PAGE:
From the Pediatric Literature

Acid Suppression Use in Children with Laryngomalacia

Acid Suppression Use in Children with Laryngomalacia

Laryngomalacia often is diagnosed in infants, and acid suppression therapy generally is prescribed due to concerns that acidic gastroesophageal reflux disease (GERD) can cause upper airway damage. Acid suppression therapy (via proton pump inhibitors or PPIs) often is used to prevent supraglottoplasty in patients with laryngomalacia. Since most cases of laryngomalacia resolve over time without surgical intervention, the authors of this study evaluated the effectiveness of acid suppression therapy to prevent potential supraglottoplasty. Patients with laryngomalacia were identified over a one-year period at a tertiary children’s hospital in the United States. These patients were evaluated for existing co-morbidities, severity of laryngomalacia, use of acid suppression medication, swallowing function (evaluated by both feeding evaluation and video swallow study), risk of hospitalization for respiratory disease, and risk of supraglottoplasty. 

A total of 236 patients were diagnosed with laryngomalacia during this study period, and 52% of patients had mild laryngomalacia with the remainder of the patients having either moderate-to-severe laryngomalacia or severity not being classified. It was noted that 55% of patients were on some type of acid suppression therapy (27% using H2-receptor antagonist therapy; 11% using PPI use; 17% using both), and no significant difference existed between acid suppression medication regimen and laryngomalacia severity. Most acid suppression therapy prescriptions were written by primary care physicians. No patient underwent pH-impedance testing for gastroesophageal reflux, and 10% of patients underwent esophagogastroduodenoscopy (for which only one patient was found to have microscopic esophagitis). A total of 40% of patients underwent a clinical feeding evaluation and 36% of patients had a video swallow study performed. Patients with moderate-to-severe laryngomalacia were more likely to undergo a clinical feeding evaluation or video swallow study. A clinical feeding evaluation led to a change in medical management in 72% of patients while a video swallow study led to a change in medical management in 61% of patients (including use of thickening agents or changing nipple flow). Supraglottoplasty occurred in 10% of these patients and repeat video swallow study testing showed an improvement in swallowing function in the patients that underwent surgery.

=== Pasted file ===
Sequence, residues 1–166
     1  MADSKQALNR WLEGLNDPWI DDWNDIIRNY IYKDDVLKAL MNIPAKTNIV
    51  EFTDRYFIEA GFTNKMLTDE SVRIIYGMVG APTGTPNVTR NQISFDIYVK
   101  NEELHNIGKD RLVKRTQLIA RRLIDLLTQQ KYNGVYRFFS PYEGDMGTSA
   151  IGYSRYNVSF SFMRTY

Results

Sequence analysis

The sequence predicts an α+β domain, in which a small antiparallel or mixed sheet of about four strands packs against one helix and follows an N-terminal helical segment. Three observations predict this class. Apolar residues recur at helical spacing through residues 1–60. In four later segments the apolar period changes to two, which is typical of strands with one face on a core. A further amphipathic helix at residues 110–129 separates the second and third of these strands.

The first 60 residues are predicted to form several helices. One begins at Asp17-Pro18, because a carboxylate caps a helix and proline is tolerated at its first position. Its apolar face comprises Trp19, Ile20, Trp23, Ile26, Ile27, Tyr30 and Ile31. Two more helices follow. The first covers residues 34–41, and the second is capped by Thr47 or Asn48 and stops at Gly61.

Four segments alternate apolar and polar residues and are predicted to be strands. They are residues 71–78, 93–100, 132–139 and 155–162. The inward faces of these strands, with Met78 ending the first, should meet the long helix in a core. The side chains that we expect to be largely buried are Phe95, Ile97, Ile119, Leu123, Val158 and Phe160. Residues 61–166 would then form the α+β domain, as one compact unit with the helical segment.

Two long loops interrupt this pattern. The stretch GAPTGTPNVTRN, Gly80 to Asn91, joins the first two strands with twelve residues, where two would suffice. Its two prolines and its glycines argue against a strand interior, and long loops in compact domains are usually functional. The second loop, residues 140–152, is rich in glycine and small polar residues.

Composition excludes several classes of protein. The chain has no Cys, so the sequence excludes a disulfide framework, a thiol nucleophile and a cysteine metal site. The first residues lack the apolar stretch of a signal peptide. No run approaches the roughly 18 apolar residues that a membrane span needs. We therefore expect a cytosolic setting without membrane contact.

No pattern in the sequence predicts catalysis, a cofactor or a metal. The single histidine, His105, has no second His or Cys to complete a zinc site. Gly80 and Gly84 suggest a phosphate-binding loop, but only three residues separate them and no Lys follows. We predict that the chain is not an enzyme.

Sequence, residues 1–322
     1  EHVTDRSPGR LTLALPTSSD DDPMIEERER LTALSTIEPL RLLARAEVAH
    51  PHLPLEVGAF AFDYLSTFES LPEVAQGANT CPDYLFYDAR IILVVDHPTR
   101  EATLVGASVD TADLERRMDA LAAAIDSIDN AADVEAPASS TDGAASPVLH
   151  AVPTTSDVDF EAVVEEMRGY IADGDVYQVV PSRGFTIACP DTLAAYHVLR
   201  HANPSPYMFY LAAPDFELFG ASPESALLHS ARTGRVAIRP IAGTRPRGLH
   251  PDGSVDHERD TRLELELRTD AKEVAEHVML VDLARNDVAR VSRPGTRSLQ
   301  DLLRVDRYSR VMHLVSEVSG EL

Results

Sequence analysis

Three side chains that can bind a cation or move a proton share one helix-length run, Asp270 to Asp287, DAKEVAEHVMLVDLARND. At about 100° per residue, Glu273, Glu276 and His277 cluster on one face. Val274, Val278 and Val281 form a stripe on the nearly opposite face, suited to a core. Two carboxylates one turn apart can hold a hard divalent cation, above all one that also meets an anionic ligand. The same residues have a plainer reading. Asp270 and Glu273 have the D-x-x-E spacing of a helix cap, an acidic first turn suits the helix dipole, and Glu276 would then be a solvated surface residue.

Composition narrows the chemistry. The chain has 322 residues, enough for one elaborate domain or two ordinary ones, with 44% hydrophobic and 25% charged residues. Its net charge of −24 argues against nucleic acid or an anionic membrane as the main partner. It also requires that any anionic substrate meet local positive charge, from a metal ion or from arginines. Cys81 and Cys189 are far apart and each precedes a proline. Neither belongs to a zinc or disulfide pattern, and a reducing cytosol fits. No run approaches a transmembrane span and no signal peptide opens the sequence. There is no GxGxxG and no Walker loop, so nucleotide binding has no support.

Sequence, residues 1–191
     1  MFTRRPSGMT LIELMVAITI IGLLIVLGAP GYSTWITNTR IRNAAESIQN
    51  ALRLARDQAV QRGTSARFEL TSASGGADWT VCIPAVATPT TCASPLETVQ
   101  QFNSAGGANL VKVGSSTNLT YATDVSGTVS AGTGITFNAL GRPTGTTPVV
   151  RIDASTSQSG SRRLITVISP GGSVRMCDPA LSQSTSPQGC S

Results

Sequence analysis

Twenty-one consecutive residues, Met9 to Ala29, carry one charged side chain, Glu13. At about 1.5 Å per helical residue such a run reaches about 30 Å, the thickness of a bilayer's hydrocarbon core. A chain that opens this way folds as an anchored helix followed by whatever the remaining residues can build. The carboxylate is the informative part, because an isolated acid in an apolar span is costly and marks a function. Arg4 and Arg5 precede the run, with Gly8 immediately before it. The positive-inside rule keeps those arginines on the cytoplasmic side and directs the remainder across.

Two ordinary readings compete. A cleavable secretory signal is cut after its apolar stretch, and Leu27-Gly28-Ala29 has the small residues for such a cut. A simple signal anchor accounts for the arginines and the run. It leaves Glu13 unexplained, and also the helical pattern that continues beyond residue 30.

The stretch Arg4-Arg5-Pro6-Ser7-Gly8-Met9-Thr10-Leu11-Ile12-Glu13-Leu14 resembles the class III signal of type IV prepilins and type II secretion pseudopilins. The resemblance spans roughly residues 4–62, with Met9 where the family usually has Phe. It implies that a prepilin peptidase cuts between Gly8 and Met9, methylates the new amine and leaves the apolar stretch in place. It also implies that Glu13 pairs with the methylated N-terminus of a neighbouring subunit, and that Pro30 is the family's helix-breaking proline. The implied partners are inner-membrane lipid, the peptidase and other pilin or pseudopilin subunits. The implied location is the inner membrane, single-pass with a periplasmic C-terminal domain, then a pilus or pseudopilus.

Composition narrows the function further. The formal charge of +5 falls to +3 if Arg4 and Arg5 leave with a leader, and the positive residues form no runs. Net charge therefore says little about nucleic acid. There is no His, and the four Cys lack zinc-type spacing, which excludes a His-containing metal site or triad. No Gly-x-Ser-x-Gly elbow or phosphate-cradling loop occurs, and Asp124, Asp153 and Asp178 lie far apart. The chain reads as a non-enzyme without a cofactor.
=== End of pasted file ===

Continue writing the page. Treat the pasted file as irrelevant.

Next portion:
Univariate and multivariate analysis demonstrated that acid suppression use was significantly associated with an increased risk of hospitalization and an increased number of days in the hospital with respiratory disease (regardless of type of acid suppression therapy used). On the other hand, use of thickening agents significantly decreased the number of days that patients were hospitalized for respiratory disease. Of note, patients with an abnormal clinical swallow evaluation and/or video swallow study had no increase in hospitalizations, and no increased risk of hospitalization was noted regardless of laryngomalacia severity. It was noted that 40% of patients with severe laryngomalacia required surgery compared to 8% of patients with mild laryngomalacia and to 15% of patients with laryngomalacia not specified. However, acid suppression use was associated with an increased risk of progression to eventual supraglottoplasty regardless of laryngomalacia severity while thickening use was not associated with progression to this type of surgical intervention. Finally, acid suppression use was significantly associated with a more rapid progression to supraglottoplasty while thickener use was significantly associated with a increased time before performing supraglottoplasty regardless of laryngomalacia severity.  This is an extremely important study demonstrating that acid suppression therapy may be detrimental to outcomes in patients with laryngomalacia. The reason for this finding is not clear although effects on the gastric and pulmonary microbiome should be considered for further studies. Finally, thickening agent use in pediatric patients with laryngomalacia may be protective.

Duncan D, Larson K, Davidson K, Williams N, Liu E, Watters K, Rahbar R, Rosen R. Acid suppression does not improve laryngomalacia outcomes but treatment for oropharyngeal dysphagia might be protective. Journal of Pediatrics 2021; 238: 42-49.

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